It’s quite a sight. Any lion in the wild is a sight enough to immediately get the adrenaline flowing and therefore a pride of lions is a sight which can even be overwhelming. To see a tightly woven family structure consisting of confident lionesses and their offspring, as one unit, brings a sudden realisation of their predatory ability and potential power in numbers. This is present even more so in the Mhangeni pride made up of an impressive thirteen individuals.
Before anything else is said about this pride I feel obliged to praise their success, as has been done many times before, by updating that all nine of their early-2013 youngsters are still alive and present with the lionesses. This almost unprecedented feat still manages to capture my disbelief, especially in an area where the majority of lion cubs born are not expected to survive their first two years. On the fast approach to three years of age, the now sub-adults have had their few experiences of being split from each other as well as from the lionesses many times, and each new sighting of them finds the rangers and trackers eagerly counting on our fingers with expectation of falling short of thirteen. This continues not to be the case. And despite more than one unfamiliar and non-paternal coalitions finding their way through Mhangeni territory at any given time, the survival of all nine youngsters is an ongoing celebration.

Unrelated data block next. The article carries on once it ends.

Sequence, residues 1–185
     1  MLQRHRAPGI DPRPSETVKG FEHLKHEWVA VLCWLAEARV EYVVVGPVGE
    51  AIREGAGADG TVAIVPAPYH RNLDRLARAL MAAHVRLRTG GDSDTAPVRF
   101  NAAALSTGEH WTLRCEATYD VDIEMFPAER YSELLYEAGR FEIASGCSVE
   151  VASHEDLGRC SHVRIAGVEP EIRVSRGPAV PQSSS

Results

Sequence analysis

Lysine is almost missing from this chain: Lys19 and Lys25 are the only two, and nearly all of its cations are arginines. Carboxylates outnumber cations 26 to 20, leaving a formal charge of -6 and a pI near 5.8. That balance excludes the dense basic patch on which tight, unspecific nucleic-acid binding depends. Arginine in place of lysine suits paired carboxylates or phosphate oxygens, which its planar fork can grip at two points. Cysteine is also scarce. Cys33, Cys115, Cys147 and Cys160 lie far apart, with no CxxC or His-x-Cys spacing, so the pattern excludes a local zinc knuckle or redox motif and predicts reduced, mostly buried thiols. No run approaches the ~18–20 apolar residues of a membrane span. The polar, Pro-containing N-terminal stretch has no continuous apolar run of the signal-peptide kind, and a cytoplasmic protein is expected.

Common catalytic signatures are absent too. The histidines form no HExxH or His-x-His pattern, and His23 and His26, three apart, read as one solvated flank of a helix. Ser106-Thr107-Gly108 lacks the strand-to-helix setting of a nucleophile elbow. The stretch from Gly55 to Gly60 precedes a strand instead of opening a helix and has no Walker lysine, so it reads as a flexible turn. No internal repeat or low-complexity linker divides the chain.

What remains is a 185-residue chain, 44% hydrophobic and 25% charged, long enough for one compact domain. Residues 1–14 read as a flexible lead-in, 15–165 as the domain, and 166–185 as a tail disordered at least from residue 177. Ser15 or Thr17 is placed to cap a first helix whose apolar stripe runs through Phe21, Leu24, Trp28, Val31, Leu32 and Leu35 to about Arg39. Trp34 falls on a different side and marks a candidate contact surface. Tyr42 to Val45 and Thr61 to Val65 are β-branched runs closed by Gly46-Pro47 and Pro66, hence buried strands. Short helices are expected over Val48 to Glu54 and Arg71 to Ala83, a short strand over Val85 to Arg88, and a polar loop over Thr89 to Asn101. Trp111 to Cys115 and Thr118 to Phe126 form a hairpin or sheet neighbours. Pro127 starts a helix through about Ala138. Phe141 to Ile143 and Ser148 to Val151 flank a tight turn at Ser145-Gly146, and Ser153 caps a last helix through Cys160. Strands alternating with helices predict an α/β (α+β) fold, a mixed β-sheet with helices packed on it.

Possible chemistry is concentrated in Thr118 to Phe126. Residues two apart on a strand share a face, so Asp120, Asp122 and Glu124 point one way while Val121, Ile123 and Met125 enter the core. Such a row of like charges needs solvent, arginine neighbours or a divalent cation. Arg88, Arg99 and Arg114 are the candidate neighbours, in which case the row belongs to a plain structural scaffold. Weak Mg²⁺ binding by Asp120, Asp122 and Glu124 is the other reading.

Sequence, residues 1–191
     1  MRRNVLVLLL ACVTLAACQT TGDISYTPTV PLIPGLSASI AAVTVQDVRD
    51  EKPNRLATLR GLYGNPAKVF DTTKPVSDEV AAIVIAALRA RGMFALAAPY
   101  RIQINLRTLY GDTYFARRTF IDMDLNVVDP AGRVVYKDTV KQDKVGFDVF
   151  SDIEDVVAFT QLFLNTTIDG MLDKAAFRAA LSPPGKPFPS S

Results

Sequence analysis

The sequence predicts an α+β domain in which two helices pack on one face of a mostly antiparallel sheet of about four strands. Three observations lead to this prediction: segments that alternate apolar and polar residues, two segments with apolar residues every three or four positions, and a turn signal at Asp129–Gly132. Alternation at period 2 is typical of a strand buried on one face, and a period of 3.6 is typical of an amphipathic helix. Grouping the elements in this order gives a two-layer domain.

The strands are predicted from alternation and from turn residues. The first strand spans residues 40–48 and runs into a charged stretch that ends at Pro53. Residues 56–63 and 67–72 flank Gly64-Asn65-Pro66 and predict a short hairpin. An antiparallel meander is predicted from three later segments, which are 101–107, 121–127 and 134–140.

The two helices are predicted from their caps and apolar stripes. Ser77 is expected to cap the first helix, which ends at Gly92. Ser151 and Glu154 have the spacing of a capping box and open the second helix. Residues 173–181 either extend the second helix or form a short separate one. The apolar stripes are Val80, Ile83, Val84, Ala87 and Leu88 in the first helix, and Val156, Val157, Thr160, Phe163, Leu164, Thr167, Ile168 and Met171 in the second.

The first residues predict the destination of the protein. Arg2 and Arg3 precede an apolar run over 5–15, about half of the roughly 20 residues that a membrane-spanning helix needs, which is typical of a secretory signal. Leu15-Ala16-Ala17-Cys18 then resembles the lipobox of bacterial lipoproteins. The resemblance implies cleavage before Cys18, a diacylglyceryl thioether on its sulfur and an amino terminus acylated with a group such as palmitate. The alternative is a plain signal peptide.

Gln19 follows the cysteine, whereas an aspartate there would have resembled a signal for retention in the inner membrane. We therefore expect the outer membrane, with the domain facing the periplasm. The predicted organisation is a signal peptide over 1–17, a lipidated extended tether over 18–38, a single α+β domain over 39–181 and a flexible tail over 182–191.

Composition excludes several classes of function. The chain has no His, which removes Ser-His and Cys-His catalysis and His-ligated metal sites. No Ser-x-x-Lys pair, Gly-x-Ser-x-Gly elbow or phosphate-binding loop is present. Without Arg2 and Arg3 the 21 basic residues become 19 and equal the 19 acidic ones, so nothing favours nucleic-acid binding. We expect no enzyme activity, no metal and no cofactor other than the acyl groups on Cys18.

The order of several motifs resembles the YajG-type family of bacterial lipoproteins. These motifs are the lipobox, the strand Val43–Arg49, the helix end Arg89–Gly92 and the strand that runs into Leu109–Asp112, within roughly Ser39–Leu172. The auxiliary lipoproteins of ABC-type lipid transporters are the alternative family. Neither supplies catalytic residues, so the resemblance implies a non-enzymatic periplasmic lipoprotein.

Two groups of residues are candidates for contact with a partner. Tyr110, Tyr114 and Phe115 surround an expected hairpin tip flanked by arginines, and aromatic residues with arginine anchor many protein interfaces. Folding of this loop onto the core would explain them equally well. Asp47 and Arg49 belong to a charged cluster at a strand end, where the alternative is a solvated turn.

Pride dynamics are incredibly scattered at the moment. The Matimba males are regularly occupying Tsalala pride territory and sending the pride scattered throughout the northern properties. Frequent visits from the Matshipiri males and the Sparta lionesses further south, have meant that the Mhangeni pride have had dangerous surroundings recently.
Up until two weeks ago, there was huge concern over the Mhangeni pride’s survival as their tracks indicated two, and at times even three, separate portions of meandering groups attempting to find each other after a possible run-in with the marauding Matimba males. Eventually, and to our relief, one morning brought us a beautiful rediscovery of the pride in full force, finishing off the remains of a very large buffalo (only just enough food for the four lionesses and already sizeable youngsters), all looking pleased to be back together and with somewhat full bellies.
Since then, the pride has interestingly moved far east, steadily exploring the currently vacant Tsalala territory; the original homeland and birthplace of the four lionesses before the 2010 breakaway. Despite the Matimba males both being along the banks of the Sand River for the entirety of this week, the Mhangeni pride has remained nearby, in the central property, hunting every night.
This may just be an opportunistic act of adventure and exploration into an otherwise occupied territory, and the pride may return back into the west any day. But for now, it is a privilege to have fairly regular sights of a powerful pride making history. A pride which keeps the team guessing but continues to inspire us with their unbreakable unity and commitment to succession.
Written by Sean Cresswell, Londolozi Ranger
Photographed by Sean Cresswell and Callum Gowar